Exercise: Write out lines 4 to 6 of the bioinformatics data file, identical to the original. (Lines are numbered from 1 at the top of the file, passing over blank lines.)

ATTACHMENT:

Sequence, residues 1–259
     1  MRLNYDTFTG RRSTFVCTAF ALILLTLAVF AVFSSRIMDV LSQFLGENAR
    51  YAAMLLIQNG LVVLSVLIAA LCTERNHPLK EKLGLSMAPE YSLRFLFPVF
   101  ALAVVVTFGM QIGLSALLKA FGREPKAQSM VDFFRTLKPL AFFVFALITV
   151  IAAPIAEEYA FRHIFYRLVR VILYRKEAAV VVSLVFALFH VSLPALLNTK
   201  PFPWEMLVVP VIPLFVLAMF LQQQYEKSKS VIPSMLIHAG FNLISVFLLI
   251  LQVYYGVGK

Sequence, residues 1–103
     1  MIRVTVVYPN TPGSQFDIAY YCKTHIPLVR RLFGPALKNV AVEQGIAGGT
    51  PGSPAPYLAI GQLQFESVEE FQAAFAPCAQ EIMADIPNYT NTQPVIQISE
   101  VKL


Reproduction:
   101  ALAVVVTFGM QIGLSALLKA FGREPKAQSM VDFFRTLKPL AFFVFALITV
   151  IAAPIAEEYA FRHIFYRLVR VILYRKEAAV VVSLVFALFH VSLPALLNTK
   201  PFPWEMLVVP VIPLFVLAMF LQQQYEKSKS VIPSMLIHAG FNLISVFLLI